I recieved the radio yesterday in the mail, after just over 14 days, which wasn't too bad considering it shipped from China. I ordered it for $118.25 from eBay.
It arrived in the original box, which was a pleasant suprise, compared to the bubble wrap that they normally ship in.
Unboxing the radio was a simple process, with the radio on the top stack, in a plastic wrap, and the charging base, power cord, antenna, battery, belt clip, standard Baofeng earpiece and manual. underneath it. The radio also came with a wrist strap, but I am yet to find where it can loop.
Taking the radio, battery antenna out of the individual bags was easy enough and they all connected with little issue, although the nut around the antenna connecter was loose, I believe that was just the shipping. The radio feels very nice in the hand, although I wouldn't belt clip to stay put if you had to get somewhere quickly, as it feels loose. Once the charging dock is plugged in, the indicator on the radio flashes between red and green, but works normally once the radio is connected, this may just be an issue with my cable though.
Powering on the radio for the first time, you are greeted with the loud power on tone and channel number announced. The default channels are 6 DMR channels and 6 analouge channels, with a mix of VHF and UHF simplex frequencies.
The home screen displays channel A and B, with an arrow indicating which channel you have set to transmit on, with an A and D indicator for the mode. You can switch between them using the up and down arrows on the keypad, and mute the opposite channel with the red function button. The topbar displays the signal strength, although mine was fluctuating when there was no signal, the transmit power you have set, a shield if you're using a digital channel, icon for simplex or duplex and the current battery life. The bottom bar displays the date and time, which can be modified from radio settings.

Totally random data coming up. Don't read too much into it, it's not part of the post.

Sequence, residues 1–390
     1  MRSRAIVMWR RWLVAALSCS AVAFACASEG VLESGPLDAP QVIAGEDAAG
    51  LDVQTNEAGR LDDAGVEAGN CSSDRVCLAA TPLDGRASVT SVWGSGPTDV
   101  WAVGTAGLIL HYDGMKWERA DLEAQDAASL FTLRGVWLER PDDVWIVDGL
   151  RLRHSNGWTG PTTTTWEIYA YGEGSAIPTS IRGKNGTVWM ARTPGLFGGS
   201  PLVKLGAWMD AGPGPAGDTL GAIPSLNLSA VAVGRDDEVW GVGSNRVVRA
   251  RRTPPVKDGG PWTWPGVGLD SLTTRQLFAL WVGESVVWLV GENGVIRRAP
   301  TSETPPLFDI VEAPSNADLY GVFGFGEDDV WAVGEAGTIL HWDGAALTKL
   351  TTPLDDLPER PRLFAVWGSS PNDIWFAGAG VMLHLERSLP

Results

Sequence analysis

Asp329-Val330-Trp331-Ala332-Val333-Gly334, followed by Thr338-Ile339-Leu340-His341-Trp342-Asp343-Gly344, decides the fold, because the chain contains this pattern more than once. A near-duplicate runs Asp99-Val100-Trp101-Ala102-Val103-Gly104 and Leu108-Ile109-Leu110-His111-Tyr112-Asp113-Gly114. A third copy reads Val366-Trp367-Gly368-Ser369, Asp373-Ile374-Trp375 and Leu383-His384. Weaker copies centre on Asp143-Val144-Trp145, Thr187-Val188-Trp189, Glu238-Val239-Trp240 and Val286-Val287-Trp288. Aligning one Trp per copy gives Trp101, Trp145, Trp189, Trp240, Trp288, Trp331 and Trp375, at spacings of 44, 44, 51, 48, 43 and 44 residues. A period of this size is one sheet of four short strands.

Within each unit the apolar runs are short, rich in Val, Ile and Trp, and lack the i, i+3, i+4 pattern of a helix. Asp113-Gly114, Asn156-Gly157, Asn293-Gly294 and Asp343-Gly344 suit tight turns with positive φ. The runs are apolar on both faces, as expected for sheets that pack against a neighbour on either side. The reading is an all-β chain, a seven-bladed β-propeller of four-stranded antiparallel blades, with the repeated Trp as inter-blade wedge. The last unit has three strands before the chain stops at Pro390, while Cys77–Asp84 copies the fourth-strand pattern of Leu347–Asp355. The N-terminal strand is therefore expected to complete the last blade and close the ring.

Looking through the menus, you can do some basic front panel programming, but you're limited to adding and editing channels, no deleting them from the radio. From the handheld itself, you can edit the RX and TX frequency, channel name, CTCSS and DCS tones, timeslot, colour code, TX contact and grouplist. My only complaints about channel manipulation are the settings for DMR channels appear in channels set to use analouge, and the lack of being able to delete channels.
Zones are similar, you can name them add channels to them, but not remove them or delete zones. Scan lists must be made via the CPS too. Contacts can't be edited once created, which isn't much of an issue if you program it with the CPS.
Overall, my main complaints are the lackluster FPP support and not being able to change the volume of the poweron tone and PTT tone. You can turn off all sounds, but doing this won't allow you to hear the PTT preamble, which may be important if you plan to use DMR repeaters.
Until my programming cable arrives, this is my impression on the DM-1701. A worthwhile radio, if you have the proper cable to program it.
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Baofeng DM-1701 DMR Tier II
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